She still was stunned to have found him here. But more than that, his demeanor left her in a coil. He was behaving like a besotted lover, staring at her and (gasp) reciting poetry, inviting her to join him for dinner. But then, he just sat there, aloof, observing her with that infuriating half-smile on his handsome face and a question in his hooded eyes, barely saying two words together. She imagined his busy brain brooding, questioning who she was, how she’d changed, just as she was. She’d felt obliged to fill the silence with empty chatter, which made her feel vapid and awkward. His attentions both warmed and worried her. Is he still shy? Is he toying with me? What on earth is he thinking about? Her mind bounced to Jay again. Why am I even thinking these thoughts?
Discretely, she kept one restless eye on his progress across the room. He strode with a polished and confident air, and struck a dashing figure in his black tuxedo, with his height, broad shoulders and slender hips. He moved with elfin grace, the candlelight glinting off his golden hair. She had assumed he went to the men’s room, but he stopped abruptly and exchanged words with a stunning beauty in an elegant navy blue sheath. Her gleaming chestnut hair streamed down her back like a racehorse’s mane, and she had a sleek, sinewy model’s physique to match.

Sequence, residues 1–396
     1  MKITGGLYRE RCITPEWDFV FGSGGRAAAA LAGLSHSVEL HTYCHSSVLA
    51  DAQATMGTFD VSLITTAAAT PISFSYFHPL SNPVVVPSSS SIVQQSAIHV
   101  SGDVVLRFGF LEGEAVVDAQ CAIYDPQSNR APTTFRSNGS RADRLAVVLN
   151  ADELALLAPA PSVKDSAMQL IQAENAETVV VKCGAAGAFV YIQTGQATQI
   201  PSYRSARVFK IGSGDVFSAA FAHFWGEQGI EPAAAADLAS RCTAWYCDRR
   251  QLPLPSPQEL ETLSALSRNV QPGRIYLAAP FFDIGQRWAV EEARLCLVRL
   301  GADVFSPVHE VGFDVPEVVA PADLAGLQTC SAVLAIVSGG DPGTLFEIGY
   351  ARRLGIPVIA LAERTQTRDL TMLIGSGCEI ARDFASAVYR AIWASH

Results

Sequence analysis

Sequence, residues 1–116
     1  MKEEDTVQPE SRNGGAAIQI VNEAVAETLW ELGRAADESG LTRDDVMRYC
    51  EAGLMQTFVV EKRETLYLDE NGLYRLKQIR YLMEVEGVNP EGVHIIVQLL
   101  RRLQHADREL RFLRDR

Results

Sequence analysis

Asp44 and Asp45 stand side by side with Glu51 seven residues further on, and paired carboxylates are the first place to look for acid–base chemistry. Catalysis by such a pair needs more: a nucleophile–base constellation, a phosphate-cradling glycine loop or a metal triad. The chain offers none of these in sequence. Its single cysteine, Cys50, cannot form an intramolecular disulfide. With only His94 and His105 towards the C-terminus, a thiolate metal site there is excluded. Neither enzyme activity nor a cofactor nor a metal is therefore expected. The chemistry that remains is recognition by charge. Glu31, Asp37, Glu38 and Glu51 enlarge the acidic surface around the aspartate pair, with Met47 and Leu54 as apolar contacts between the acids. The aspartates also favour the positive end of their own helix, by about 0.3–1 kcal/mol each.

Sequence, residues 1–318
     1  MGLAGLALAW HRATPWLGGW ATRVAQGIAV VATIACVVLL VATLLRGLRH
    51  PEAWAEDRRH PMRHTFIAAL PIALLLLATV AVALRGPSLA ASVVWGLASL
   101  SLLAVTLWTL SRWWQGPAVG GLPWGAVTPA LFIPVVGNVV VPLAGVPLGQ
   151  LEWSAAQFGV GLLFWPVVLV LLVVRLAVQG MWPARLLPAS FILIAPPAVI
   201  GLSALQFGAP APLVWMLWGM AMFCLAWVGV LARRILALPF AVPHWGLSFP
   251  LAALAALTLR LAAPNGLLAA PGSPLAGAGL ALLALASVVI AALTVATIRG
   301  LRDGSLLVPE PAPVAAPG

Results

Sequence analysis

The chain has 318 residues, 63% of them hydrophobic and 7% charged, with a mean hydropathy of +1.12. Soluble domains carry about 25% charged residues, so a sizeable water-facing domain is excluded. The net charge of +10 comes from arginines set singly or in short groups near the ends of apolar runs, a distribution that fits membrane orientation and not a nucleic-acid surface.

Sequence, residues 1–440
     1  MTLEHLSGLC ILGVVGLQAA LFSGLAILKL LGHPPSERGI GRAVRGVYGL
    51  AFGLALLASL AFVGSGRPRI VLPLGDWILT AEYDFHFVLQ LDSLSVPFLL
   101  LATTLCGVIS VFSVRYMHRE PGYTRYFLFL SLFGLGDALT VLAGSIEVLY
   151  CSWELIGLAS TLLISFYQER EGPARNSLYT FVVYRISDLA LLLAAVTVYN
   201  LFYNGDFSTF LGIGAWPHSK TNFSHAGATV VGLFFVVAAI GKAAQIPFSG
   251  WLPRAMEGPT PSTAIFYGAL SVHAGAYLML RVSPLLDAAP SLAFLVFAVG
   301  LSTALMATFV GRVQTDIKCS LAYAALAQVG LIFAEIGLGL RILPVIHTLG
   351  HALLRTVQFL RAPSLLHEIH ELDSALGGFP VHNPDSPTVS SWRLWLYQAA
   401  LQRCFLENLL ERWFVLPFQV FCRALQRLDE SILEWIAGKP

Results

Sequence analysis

They made a striking couple. Standing close together—she was almost as tall as Simon—their degree of intimacy was obvious from the nearness of their faces and their steady eye contact. Kate’s forte was reading non-verbal behavior and it was clear they knew each other well. Simon stood rigidly with his back to her, arms at his sides, his hands clenched in fists, but the woman’s expression was sultry and seductive, and Kate couldn’t help wondering who she was, and what claim she had on Simon’s attention.
But, Kate caught herself, what claim do I have on it? She was being ridiculous, just because of some innocent flirtation and a little superficial flattery. It was dangerous to entertain such thoughts. She fell instantly to imagining Simon as he was all those years ago– when he was hers. Though then he was not so polished and worldly, he was both romantic and passionate. Why did he make her feel such strong emotions, when in truth she hardly knew him? She’d become enthralled by him again, so easily. It was too easy to imagine herself the object of his desire, too.